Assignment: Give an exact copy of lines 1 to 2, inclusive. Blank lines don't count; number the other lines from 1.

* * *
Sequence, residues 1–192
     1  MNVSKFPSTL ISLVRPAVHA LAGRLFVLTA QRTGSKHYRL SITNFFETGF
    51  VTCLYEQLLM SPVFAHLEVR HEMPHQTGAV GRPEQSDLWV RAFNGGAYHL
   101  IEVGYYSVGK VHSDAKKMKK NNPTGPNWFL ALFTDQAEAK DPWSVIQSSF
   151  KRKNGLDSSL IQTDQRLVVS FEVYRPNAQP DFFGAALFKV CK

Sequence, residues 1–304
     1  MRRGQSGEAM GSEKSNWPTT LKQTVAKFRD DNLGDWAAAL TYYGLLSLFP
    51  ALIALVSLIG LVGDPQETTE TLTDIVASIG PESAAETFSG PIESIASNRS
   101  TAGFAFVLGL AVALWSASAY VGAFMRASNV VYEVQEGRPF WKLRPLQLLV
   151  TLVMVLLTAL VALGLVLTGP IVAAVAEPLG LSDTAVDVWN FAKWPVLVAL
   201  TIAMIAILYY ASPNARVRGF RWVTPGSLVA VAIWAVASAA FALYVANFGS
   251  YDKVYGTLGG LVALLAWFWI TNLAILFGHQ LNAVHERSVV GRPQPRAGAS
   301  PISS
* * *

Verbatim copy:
Sequence, residues 1–192
     1  MNVSKFPSTL ISLVRPAVHA LAGRLFVLTA QRTGSKHYRL SITNFFETGF